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There are many reasons for muting your bass strings. Here are just three:
1. A set of new strings also brings undesirable harmonics, overtones and newly intensified finger-squeak when moving your fingers up and down the neck. The trick is to get these unwanted sounds under control without killing too much sustain. Lightly muting a new set of strings can cure a multitude of ills and make you sound like a seasoned professional, even when playing sustain dependent styles like slap and fusion.
2. Even with strings that have "settled down" muting is an indispensible effect when trying to emulate a certain thumpy tone such as Motown legend James Jamerson's tightly compressed sound or Bert Kaempfert Orchestra bassist Ladislav "Ladi" Geisler's staccato "Tick-Tack" upper midrange heavy "Knackbass" tone.
3. If you are a pick player, proper muting can make pick playing sound much less clicky.
Sure, there are aftermarket muting devices you can buy and install. Some of these devices, while certainly well designed marvels, are very expensive. They also have a hidden cost because more often than not they require modifications to your instrument such as drilling mounting holes or replacing the stock bridge which may also requires drilling extra holes. I'm sort of "anti-hole drilling" and modifications to some instruments are not recommended since extra holes will destroy collector value on any collectible instrument such as a Pre-CBS Fender. So, I thought I'd share my "no-mods-required" muting techniques for both roundwound and flatwound bass strings. The plain truth is that these have long been "trade secrets" of recording bassists.
HOW I MUTE ROUNDWOUND STRINGS:
(This foam mute trick is so old I forget who I stole it from! I've been using this method on rounds since the mid 1970's at least.)
1. I slip a chunk of spongy foam UNDER the strings as close to the saddles as I can get it. Moving the foam away from the bridge increases the muting impact. Using a larger foam chunk intensifies the muting effect too. You can usually find some foam lying around for free. You can use about any type of low-density spongy foam like packing foam or ATA case foam cutouts.
2. I usually make the foam in a wedge shape so that there is more foam on the E & A string and less on the D & G. But you can use any shape you like. Maybe you want more muting on the D & G than I do, so start with a thick square chunk and then whittle on it with some scissors until it sounds like you want it to sound.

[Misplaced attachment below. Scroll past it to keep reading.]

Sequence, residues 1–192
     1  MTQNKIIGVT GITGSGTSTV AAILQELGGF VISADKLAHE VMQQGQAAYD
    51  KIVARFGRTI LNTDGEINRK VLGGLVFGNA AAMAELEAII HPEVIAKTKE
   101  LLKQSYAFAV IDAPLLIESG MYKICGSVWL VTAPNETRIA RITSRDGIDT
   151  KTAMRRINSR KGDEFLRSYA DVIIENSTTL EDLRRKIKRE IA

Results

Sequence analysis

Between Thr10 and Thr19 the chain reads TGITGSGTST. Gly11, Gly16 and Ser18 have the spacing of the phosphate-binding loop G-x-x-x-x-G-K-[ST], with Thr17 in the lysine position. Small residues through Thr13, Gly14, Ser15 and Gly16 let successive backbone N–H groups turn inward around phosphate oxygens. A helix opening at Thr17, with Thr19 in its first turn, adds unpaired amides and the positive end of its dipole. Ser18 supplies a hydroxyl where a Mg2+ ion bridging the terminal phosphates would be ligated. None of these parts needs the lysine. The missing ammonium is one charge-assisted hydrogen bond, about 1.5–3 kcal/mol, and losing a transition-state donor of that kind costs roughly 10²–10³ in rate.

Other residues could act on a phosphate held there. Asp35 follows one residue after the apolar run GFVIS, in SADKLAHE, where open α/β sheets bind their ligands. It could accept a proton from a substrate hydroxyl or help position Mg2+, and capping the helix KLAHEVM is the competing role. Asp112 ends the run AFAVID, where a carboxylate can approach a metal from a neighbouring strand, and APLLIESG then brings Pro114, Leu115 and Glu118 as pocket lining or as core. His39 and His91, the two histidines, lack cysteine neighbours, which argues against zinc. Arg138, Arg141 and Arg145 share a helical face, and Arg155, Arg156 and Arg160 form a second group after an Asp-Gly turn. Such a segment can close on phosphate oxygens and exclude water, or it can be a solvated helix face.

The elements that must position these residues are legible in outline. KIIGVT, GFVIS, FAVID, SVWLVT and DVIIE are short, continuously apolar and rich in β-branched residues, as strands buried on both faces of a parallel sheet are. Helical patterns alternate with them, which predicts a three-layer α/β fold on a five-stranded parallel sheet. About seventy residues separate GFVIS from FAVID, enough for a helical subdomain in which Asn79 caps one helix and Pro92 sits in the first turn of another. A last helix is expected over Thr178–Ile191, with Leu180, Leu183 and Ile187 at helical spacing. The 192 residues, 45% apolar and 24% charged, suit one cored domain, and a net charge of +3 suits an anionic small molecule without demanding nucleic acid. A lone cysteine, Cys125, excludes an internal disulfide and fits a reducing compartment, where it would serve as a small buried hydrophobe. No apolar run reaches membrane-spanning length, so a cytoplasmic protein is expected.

3. Putting the foam right next to the bridge saddles kills the undesirable overtones on new strings without killing so much sustain that the strings sound dead. Also, a bridge cover completely hides it!
4. Experiment with size, thickness, shape and placement to get the effect you want. I've seen Bob Babbitt play Motown stuff using a about a six-inch long hunk of foam that is about 1.5 inches wide. It sticks out way more toward the top and lower bouts than the discrete little foam wedges I use. He does this I think so he can adjust it laterally in relationship to the bridge by sliding it up and down easily to modify the muting impact or even pull it completely out quickly. I just whittle away on the wedge until it sounds good to me and then leave it in place until the bass sounds better without it than with it, which usually takes a month or two. It can take even longer with the Thomastik-Infeld strings or similar lively strings. Then I put the wedge in my parts drawer until I put new strings on that bass again.
Here's my '51 Reissue foam mute under the stock Fender 7250ML rounds. Notice the wedge shape:
Felt rectangles can be bought at about any craft store in about 100 different colors for about 80 cents per sheet. (Some of the expensive aftermarket muting devices use piano type felt, which is a very similar material.)
TIP: Take your bass with you to the craft store for a closer match than I got. There were about 18 shades of red and I obviously picked the wrong one. I understand Wal-Mart also carries felt rectangles in their craft section, but you can buy single sheets at a craft store in a much wider color range. You only need one sheet.
HOW I INSTALL A FLATWOUND FELT
2. Wrap the felt around the strings in overlapping layers around all four strings so that it makes contact but is not so tight you can see that it is bunching up the strings. The end of the felt strip on the inside next to the strings is NOT attached to anything. It just is laying across at least two of the strings. I do my wrap so the E & A string get the extra felt layer and therefore more pressure. You can do it so that one or even all 4 strings get the extra layer. So experiment.
3. Using about a one-inch piece of Scotch Tape you tape down only the outside end of the felt directly to the underlying layer of felt. The tape should only contact felt, so that you are only taping felt to felt. Do not tape anything to the strings!
4. I slip the felt wrap as close to the bridge saddles as possible. Moving the wrap away from the bridge will intensify the muting effect.
(If using a bridge cover skip this step.) Once the outside end is taped
down, rotate the felt around in the direction of the wrap slowly & carefully so
as to not break the tape contact with either the end or the underlying felt
layer. This will hide the tape and the seam from view when it is on the back
side of the strings.
After the strings settle in, remove your mute device and see how it sounds without it. Eventually it will sound better without the mute for most things after the strings settle down.
I've also heard of using old socks under roundwounds in place of foam or even smearing flatwounds with Kentucky Fried Chicken, but I prefer the above foam and felt methods as they are much more controllable. Another reason is...I would never waste perfectly good fried chicken like that.
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